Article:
Faster-than-light communications and travel are the conjectural propagation of information or matter faster than the speed of light. The special theory of relativity implies that only particles with zero rest mass may travel at the speed of light. Tachyons, particles whose speed exceeds that of light, have been hypothesized, but their existence would violate causality, the consensus of physicists is that they cannot exist. On the other hand, what some physicists refer to as "apparent" or "effective" FTL depends on the hypothesis that unusually distorted regions of spacetime might permit matter to reach distant locations in less time than light could in normal or undistorted spacetime. According to the current scientific theories, matter is required to travel at slower-than-light speed with respect to the locally distorted spacetime region. Apparent FTL is not excluded by general relativity. Examples of apparent FTL proposals are the traversable wormhole. In the context of this article, FTL is the transmission of information or matter faster than c, a constant equal to the speed of light in a vacuum, 299,792,458 m/s or about 186,282.397 miles per second.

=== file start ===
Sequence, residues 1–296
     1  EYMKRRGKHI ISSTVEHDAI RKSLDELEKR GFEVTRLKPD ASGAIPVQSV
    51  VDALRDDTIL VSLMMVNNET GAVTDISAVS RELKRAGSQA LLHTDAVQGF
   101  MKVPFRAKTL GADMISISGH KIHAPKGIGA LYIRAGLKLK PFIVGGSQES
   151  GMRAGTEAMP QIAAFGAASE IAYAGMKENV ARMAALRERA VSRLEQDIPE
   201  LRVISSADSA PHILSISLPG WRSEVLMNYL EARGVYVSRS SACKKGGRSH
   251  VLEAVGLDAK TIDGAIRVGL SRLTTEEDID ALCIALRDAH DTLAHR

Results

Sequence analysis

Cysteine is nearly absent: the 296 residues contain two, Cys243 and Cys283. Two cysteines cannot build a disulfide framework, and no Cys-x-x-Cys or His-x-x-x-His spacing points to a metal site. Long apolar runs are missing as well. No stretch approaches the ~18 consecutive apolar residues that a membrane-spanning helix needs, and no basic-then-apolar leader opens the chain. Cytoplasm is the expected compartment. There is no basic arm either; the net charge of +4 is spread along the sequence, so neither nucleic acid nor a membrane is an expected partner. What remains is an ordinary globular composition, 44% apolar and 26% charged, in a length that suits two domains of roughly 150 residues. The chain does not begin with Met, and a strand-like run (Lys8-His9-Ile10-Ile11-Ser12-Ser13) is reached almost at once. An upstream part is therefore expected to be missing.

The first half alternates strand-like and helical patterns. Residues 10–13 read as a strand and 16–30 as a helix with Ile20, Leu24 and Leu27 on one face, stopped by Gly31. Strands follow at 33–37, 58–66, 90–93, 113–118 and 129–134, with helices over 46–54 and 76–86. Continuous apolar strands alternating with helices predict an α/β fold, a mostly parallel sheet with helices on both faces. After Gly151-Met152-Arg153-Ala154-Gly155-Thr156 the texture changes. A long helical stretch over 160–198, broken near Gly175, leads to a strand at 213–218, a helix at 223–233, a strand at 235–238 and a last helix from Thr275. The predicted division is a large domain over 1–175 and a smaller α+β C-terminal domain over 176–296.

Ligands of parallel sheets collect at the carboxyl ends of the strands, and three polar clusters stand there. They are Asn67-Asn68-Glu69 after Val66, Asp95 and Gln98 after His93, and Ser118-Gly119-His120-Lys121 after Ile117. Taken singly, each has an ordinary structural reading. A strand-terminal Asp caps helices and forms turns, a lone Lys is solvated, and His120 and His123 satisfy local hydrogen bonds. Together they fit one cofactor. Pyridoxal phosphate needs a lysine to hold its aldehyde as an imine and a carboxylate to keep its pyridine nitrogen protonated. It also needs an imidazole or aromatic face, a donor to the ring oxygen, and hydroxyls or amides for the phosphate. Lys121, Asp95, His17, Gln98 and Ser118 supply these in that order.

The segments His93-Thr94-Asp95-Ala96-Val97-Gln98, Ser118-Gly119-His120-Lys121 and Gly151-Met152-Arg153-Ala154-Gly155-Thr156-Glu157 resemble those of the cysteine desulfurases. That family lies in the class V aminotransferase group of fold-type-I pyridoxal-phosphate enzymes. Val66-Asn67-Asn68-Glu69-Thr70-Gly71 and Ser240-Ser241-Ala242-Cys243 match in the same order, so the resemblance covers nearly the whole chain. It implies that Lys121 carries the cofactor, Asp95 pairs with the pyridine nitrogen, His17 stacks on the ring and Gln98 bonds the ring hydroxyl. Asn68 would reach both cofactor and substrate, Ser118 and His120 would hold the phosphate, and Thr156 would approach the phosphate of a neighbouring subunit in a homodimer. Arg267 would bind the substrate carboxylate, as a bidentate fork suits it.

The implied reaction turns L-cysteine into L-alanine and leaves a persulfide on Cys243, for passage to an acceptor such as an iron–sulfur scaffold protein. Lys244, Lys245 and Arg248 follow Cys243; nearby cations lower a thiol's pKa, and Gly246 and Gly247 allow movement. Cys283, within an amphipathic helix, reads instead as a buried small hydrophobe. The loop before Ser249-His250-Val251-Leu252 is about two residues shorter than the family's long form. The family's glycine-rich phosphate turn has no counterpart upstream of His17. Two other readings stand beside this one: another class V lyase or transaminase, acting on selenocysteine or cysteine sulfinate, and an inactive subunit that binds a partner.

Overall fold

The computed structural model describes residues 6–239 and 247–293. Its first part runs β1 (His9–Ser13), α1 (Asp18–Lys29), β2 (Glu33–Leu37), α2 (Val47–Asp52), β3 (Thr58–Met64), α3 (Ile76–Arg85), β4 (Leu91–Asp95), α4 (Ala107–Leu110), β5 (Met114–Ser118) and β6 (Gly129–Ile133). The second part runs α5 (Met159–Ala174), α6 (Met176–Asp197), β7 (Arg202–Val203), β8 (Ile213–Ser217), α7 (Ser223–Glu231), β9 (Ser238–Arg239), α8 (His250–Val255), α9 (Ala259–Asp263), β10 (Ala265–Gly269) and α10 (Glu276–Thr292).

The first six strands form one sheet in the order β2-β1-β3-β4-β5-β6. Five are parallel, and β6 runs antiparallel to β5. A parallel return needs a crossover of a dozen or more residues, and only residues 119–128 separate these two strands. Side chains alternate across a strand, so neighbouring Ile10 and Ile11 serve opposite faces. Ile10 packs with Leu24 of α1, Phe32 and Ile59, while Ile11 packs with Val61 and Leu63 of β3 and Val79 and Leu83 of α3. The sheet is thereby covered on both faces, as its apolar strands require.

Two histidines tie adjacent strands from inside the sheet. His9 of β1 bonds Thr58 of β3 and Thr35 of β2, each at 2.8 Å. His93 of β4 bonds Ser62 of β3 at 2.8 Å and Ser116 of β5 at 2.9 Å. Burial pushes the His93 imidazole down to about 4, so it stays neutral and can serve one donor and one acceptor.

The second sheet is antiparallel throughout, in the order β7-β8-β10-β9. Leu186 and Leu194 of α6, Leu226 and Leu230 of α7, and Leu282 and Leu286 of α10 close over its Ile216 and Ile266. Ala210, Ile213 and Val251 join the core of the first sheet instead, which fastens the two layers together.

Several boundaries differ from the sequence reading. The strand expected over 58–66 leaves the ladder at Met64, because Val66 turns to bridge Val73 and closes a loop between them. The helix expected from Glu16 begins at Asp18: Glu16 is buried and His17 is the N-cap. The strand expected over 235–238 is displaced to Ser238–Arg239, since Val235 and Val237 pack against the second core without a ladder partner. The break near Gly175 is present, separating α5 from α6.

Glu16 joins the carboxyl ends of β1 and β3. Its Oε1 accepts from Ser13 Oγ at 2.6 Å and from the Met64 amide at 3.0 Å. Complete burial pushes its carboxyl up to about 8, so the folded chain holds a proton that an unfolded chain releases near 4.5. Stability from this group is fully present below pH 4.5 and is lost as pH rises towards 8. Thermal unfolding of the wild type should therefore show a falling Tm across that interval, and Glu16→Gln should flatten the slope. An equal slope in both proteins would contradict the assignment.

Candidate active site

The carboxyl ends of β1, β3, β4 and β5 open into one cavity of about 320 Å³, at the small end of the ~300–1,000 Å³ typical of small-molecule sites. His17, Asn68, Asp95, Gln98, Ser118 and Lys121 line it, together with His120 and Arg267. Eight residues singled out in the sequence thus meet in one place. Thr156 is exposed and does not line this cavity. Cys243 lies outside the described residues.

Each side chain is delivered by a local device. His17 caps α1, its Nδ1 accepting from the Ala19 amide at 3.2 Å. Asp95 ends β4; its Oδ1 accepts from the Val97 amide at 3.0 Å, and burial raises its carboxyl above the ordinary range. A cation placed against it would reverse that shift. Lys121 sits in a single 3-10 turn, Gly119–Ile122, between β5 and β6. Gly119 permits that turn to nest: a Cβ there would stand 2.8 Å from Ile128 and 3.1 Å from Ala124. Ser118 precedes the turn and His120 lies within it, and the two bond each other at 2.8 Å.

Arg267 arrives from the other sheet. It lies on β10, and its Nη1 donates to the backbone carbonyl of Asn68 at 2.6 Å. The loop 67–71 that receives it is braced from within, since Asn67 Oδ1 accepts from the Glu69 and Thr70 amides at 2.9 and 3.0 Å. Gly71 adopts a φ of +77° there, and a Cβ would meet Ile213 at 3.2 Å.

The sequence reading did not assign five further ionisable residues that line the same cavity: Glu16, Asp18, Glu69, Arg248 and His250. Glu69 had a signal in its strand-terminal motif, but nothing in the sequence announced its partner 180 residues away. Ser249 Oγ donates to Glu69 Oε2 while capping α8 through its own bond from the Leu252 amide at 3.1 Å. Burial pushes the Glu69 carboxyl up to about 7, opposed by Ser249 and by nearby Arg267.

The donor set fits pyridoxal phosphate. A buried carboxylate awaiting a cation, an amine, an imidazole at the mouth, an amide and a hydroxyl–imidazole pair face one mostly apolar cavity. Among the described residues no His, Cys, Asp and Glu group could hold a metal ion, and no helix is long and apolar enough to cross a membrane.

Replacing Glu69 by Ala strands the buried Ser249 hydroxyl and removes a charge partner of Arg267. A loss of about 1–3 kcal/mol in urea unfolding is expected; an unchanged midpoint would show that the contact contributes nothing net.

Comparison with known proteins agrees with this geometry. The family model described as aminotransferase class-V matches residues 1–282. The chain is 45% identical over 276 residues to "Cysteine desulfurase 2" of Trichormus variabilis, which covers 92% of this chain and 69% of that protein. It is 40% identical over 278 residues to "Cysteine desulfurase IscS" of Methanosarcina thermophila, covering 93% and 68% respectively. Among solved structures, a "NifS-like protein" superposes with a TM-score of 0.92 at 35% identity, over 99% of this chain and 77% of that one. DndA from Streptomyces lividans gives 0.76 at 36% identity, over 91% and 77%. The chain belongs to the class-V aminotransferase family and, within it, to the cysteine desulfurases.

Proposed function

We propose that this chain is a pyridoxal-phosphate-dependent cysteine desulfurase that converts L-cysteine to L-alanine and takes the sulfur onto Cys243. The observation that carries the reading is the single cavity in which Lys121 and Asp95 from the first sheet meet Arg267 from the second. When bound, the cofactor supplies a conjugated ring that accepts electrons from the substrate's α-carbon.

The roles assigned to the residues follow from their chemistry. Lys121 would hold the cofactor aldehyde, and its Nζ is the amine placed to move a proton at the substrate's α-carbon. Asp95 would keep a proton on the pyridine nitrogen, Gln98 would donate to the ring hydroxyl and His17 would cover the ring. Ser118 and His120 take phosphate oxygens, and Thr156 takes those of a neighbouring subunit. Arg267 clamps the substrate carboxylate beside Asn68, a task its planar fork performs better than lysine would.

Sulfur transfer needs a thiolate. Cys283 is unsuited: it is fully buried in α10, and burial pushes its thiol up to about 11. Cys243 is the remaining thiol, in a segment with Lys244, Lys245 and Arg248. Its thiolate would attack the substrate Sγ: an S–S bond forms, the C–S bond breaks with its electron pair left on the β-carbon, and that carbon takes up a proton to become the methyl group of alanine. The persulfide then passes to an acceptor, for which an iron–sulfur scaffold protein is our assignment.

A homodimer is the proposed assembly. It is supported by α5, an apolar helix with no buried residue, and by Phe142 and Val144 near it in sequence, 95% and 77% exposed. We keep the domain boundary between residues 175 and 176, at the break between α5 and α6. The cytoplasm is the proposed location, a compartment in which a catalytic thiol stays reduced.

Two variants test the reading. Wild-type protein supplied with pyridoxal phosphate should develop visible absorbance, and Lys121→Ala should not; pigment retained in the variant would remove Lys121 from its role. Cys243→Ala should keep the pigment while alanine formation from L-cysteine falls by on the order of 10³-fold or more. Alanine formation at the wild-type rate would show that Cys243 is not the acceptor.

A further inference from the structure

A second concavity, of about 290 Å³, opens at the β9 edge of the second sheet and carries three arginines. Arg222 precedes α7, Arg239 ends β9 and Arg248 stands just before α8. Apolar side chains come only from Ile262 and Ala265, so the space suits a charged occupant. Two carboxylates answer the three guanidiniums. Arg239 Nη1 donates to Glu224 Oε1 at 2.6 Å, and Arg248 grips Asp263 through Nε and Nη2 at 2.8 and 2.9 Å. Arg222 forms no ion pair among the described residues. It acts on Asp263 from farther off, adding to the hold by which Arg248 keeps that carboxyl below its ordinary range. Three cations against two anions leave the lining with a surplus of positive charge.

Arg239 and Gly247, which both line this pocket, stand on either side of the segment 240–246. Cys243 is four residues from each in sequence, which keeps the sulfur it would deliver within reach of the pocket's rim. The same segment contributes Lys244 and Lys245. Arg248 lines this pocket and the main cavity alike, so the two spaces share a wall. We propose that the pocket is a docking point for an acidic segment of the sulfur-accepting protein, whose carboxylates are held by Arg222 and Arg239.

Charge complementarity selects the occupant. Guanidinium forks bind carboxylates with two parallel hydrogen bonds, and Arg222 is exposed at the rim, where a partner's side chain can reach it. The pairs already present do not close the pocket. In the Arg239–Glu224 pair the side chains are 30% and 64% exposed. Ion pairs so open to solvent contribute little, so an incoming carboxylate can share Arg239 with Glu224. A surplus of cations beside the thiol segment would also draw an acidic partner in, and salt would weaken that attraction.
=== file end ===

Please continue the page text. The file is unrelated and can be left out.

This is not quite the same as traveling faster than light, since: Some processes propagate faster than c, but cannot carry information. In some materials where light travels at speed c/n other particles can travel faster than c/n, leading to Cherenkov radiation. Neither of these phenomena violates special relativity or creates problems with causality, thus neither qualifies as FTL as described here. In the following examples, certain influences may appear to travel faster than light, but they do not convey energy or information faster than light, so they do not violate special relativity. For an earth-bound observer, objects in the sky complete one revolution around the Earth in one day. Proxima Centauri, the nearest star outside the Solar System, is about four light-years away. In this frame of reference, in which Proxima Centauri is perceived to be moving in a circular trajectory with a radius of four light years, it could be described as having a speed many times greater than c as the rim speed of an object moving in a circle is a product of the radius and angular speed.